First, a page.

For as long as I have been following perfume one of the most confounding brands has been Penhaligon’s. I learned of them early on in my perfume exploration days. My first impression was they were a heritage British brand with perfumes like Hammam Bouquet and Belnheim Bouquet. Then in the late 1990’s they seemed to be going for fun and sassy with LP No. 9. They shifted gears again in 2008-2013 as they collaborated with some of the best perfumers working to make some of the best perfumes of those years. Releases like Elixir by Olivia Giacobetti, Amaranthine, Sartorial and Vaara by Bertrand Duchaufour and Iris Prima by Alberto Morillas. They made a truly tragic foray into hipster fashion with Tralala working with fashion designers Meadham Kirchoff. I adore many perfumes with the name Penhaligon’s on the bottle but this is a brand which hits the reset button early and often. And so, we are again entering a new evolution of the brand this time embracing its heritage of the past as shown on television.
The latest releases are a four-fragrance collection known as Penhaligon’s Portraits. Each of the perfumes represents a character in an interlocking story. Starting with the patriarch in The Tragedy of Lord George perfumer Alberto Morillas composes a boozy homage to the wood paneled drawing room. The scheming matriarch is represented by The Revenge of Lady Blanche composed by Daphne Bugey as a very green floral. Their daughter is the Coveted Duchess Rose composed by Christophe Reynaud who is a woody rose. For these three perfumes, they hearken back to the heritage of the brand while each of them has a contemporary twist worthy of Downton Abbey. They are straightforward representations of what they are meant to do. There was only one which I felt took a bit of a different tack and that one was the one which represented the ambiguously sexual husband of the Duchess called Much Ado About the Duke also composed by Mme Bugey.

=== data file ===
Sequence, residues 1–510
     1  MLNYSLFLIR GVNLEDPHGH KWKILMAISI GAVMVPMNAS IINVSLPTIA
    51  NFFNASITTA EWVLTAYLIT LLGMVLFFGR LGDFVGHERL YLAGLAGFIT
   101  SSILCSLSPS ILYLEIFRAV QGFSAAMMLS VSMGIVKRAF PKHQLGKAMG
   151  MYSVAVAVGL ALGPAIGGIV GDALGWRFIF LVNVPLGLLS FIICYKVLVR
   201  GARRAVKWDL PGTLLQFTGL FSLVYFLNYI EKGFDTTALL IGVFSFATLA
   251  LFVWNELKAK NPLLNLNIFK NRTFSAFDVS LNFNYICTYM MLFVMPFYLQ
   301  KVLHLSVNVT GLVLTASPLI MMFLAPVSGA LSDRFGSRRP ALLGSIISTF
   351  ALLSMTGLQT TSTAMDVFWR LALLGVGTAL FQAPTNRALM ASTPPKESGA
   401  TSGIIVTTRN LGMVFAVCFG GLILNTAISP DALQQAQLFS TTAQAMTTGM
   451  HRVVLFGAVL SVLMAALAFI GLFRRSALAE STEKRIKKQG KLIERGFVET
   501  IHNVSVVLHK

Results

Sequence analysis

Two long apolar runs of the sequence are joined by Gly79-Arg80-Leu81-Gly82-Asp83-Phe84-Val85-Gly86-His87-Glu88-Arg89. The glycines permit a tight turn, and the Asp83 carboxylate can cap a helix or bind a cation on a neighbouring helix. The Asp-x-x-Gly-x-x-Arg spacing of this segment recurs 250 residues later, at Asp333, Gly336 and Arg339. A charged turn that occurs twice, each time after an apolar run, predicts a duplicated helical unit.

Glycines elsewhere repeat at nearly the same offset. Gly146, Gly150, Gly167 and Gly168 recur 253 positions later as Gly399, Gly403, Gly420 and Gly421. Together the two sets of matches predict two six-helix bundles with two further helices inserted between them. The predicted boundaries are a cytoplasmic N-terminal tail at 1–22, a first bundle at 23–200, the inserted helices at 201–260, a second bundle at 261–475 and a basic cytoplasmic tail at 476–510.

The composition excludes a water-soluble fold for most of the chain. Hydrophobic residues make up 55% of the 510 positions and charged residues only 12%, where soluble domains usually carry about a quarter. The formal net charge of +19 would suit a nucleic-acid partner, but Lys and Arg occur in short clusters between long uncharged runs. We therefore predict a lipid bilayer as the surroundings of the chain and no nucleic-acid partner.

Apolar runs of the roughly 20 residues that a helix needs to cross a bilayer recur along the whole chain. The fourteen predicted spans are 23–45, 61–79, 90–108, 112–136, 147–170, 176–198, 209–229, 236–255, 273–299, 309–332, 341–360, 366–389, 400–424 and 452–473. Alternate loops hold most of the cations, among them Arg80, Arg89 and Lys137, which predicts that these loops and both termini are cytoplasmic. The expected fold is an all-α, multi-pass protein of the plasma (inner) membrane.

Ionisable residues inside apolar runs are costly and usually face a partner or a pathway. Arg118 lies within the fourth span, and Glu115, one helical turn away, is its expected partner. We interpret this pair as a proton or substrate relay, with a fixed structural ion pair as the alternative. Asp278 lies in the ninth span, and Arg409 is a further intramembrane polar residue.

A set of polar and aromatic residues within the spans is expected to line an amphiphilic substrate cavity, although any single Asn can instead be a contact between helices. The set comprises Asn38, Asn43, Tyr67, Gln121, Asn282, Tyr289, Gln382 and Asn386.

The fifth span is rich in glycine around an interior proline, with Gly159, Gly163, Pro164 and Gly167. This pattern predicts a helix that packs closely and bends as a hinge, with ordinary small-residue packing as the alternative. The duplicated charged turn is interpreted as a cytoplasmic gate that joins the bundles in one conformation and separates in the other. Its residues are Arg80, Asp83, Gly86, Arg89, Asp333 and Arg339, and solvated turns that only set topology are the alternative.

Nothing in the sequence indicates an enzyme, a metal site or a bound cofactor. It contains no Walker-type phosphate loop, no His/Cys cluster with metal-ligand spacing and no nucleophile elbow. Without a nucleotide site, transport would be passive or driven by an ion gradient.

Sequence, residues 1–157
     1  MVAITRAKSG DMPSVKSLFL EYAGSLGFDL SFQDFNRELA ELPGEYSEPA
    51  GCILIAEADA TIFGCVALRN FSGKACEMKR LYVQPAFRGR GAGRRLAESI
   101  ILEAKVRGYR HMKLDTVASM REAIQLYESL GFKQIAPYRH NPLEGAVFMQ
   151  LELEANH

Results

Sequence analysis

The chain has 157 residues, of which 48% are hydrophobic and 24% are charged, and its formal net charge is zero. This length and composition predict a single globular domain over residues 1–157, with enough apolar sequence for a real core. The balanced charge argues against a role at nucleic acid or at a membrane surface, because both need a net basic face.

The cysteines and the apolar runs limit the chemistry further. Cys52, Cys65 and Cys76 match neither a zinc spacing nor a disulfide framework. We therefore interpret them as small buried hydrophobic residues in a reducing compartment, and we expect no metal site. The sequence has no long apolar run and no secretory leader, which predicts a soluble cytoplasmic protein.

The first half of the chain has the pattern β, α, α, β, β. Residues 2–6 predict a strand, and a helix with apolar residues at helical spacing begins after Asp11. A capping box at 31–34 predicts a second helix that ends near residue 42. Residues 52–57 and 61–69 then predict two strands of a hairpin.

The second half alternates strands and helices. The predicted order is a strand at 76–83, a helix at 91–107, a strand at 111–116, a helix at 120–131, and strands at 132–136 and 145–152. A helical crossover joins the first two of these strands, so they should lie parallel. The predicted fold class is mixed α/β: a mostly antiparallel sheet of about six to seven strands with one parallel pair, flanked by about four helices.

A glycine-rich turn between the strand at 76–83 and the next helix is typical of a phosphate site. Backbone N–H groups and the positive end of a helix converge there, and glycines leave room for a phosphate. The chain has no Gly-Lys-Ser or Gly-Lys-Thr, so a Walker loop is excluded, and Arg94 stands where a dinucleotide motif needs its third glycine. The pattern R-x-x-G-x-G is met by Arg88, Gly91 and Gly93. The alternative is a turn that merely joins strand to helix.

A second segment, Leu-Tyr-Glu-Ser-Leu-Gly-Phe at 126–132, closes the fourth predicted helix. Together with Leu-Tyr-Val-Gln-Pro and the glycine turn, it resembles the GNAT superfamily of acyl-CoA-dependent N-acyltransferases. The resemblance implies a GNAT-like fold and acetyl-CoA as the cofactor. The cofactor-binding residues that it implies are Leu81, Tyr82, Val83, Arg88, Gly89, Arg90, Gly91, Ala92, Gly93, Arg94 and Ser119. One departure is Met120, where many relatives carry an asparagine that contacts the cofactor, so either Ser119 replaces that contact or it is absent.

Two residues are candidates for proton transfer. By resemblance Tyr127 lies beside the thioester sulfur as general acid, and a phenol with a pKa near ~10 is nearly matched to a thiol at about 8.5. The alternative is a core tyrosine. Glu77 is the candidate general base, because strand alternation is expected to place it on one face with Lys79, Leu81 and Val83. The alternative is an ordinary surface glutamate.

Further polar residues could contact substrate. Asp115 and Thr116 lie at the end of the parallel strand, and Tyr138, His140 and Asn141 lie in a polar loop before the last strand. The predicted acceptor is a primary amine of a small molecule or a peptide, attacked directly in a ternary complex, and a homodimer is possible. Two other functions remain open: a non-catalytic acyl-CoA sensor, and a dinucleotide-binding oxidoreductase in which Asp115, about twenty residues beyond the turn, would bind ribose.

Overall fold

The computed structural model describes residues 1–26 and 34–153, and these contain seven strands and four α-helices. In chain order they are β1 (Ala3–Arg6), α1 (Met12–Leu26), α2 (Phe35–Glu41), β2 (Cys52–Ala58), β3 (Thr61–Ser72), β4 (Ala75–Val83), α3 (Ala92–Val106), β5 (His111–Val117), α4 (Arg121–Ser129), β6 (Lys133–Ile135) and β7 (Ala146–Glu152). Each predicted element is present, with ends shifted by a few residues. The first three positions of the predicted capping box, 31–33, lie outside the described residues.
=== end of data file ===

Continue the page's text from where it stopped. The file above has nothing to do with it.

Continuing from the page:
What set this apart was Mme Bugey captures the foppish nature of the Duke and his apparently loveless marriage. What this kind of parlor room literature usually imparts is a man who drinks too much while hiding his secret. All the while the flower in his lapel and the slightly off-kilter mannerisms make it no secret at all. What this means in a perfume is a rich floral married to an alcoholic heart all twisted up in an unexpected spice.
Much Ado About the Duke opens with that rose in his lapel which he brings to his nose to smell. Except while doing that the strong smell of his sweaty underarms also comes forward. For that Mme Bugey uses cumin. Because she is using a Turkish rose the cumin slides over the top of the inherent spicy core of the rose itself. I like Much Ado About the Duke because Mme Bugey pulls off this difficult duet so nicely. The cumin gives way and the rose becomes fresher in nature before a chilly juniper and coriander form the gin accord of the drink in the Duke’s hand. This goes with the rose extremely well and much later the cumin makes a faint return like an echo.
Much Ado About the Duke has 12-14 hour longevity and average sillage.
It is my understanding that these first four perfumes are but Episode 1 in the Portraits story. Like all good serials, I tend to have a favorite character and at the end of the first stanza it is the Duke I want to spend the most time with.
Disclosure: This review was based on a sample provided by Penhaligon’s.